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  • Photo: Robert Maxwell

    Danny Fuller

    Danny Fuller: When Fuller, 23, moved from Kauai to Oahu's North Shore at the age of 15, he had a mission: to make a name for himself at Pipeline. Fuller became such a fixture on the famous break that he landed a gig on the WB network's Boarding House: North Shore. He now lives in Venice, California, but still spends half his year surfing Hawaii or scouting the seven seas for monster waves. "There are certain things in life that make me happy," says Fuller, "and it's not money. Surfing may not be the most lucrative business, but I'm stoked."

  • Photo: Robert Maxwell

    Titus Nihi Kinimaka

    Titus Nihi Kinimaka: No surfer is more synonymous with his hometown wave than the 50-year-old "Godfather of Hanalei." Although heÔøΩs more mellow now, Kinimaka is still king. No one paddles for his waves. Kinimaka developed his reputation in the mid-1970s, and his permission is still "required" before outsiders can surf certain spots. He owns and teaches at Kauai's Hawaiian School of Surfing, founded by his late brother, Percy, in 1960. "It's a blessing to be able to live this life," says Kinimaka. "I just follow my path and surf every day."

  • Photo: Robert Maxwell

    Sanoe Lake

    Sanoe Lake: Lake's bloodline traces back to the 18th-century King Kamehameha. Like so many Kauai kids, Lake, 26, started surfing as a toddler, but she moved to Oahu for high school. There, she surfed the North Shore and earned a gig as one of the original Roxy models for surfwear giant Quiksilver. In 2002, she costarred in the film Blue Crush. Lake now lives in Malibu. Her passion for acting and surfing "is like having two lovers," she says. "You're just torn in half. When you're out of the ocean for too long, you feel like a part of you is dying."

  • Photo: Robert Maxwell

    Andy Irons

    Andy Irons: This surfing superstar was raised in Hanalei and started catching waves at age eight. "I spent 90 percent of my childhood at the beach," says the 26-year-old. "In Hanalei, if you're not fishing, you're surfing. And if you're not surfing, you're barbecuing at the beach." This year, in pursuit of his fourth straight world title, Irons will have to hold off six-time champ Kelly Slater. But Irons knows how to escape the drama: "The ocean is so therapeutic," he says, "almost spiritual. Every time I get out of the water, I feel like I'm a better person."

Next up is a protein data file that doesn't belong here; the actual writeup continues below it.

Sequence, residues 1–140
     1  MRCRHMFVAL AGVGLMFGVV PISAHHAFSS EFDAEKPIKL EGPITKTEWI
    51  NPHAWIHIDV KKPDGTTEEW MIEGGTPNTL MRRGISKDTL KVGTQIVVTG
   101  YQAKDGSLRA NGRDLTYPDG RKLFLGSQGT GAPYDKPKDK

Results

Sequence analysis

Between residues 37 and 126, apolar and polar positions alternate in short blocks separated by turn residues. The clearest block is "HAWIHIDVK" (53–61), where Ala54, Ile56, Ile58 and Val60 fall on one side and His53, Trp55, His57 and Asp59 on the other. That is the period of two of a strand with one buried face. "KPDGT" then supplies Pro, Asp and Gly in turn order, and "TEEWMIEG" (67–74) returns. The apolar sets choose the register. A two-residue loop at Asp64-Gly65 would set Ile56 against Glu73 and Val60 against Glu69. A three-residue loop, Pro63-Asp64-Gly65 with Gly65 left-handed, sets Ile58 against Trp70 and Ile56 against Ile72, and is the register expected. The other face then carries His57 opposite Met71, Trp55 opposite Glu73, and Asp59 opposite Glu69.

• Photo: Robert Maxwell

    Kamalei & Kala Alexander

    Kamalei & Kala Alexander: Leading the charge of Kauai surfers is a group of locals called the Wolf Pack. The alpha male: Kala "Captain" Alexander (right), 36, made a name for himself by charging 30-foot faces at Hanalei Bay as a teen. "I grew up dirt-poor and didn't have anything," says Kala, now a pro surfer. "But out in the water, everybody is equal." His half brother, Kamalei Alexander (left), 27 and also a pro, shows the packÔøΩs softer side. "I'm the lover, he's the fighter," says Kamalei.

  • Photo: Robert Maxwell

    Rick & Leila Hurst

    Rick & Leila Hurst: Rick, 36, introduced his daughter to the ocean when she was three. By age six, Leila was hooked. "Going down the wave and doing a turn is the best thing ever," she says. Leila, now 11, regularly surfs six- to ten-foot faces on a shortboard and is ranked third in the local league, where she competes against—and often beats—boys. Though Rick is an accomplished surfer, catching waves with Leila is his passion. "I would rather surf with Leila than ride the best waves of any size, anywhere in the world," he says.

  • Photo: Robert Maxwell

    Keala Kennelly

    Keala Kennelly: "It must be something in the water," says Kennelly, 26, of her hometown of Hanalei. "The community completely breeds surfers." She got her first board when she was five and was soon surfing with friends Andy and Bruce Irons. Given that pedigree—and that Laird Hamilton is her godfather—it's no surprise that sheÔøΩs a four-time winner of the pro contest at Tahiti's Teahupoo, one of the world's most dangerous waves. And Kennelly even has time for an alter ego. "DJKK" breaks out her turntables at clubs in Honolulu and abroad.

  • Photo: Robert Maxwell

    Bruce Irons

    Bruce Irons: As a 3.5-pound preemie, Irons came into the world fighting. And the 25-year-old sibling of surfing world champ Andy Irons is still fighting—to escape his big brother's shadow. Though he'd logged a few major wins, including the 2004 Quiksilver In Memory of Eddie Aikau big-wave contest, Bruce had a reputation as a bad boy more concerned with having fun than winning—until Andy became world champion. "As soon as my brother won, I was like, 'Fuck! I've got to start focusing,'" he says. His goal now: wrestle the title from his brother.

  • Photo: Robert Maxwell

    Bill Hamilton

    Bill Hamilton: The adoptive father of big-wave demigod Laird, Bill Hamilton, 56, moved to Hanalei in 1971 to escape the growing crowds on Oahu. "The North Shore was beginning to lose its soul," he says. In 1975, when development threatened Kauai, he rallied a group of environmentalists who succeeded in saving the island—specifically, Hanalei—from a series of major resort developments. An iconic pro surfer in the sixties and seventies, Hamilton started shaping surfboards in '67, and he's still at it nearly 40 years later.

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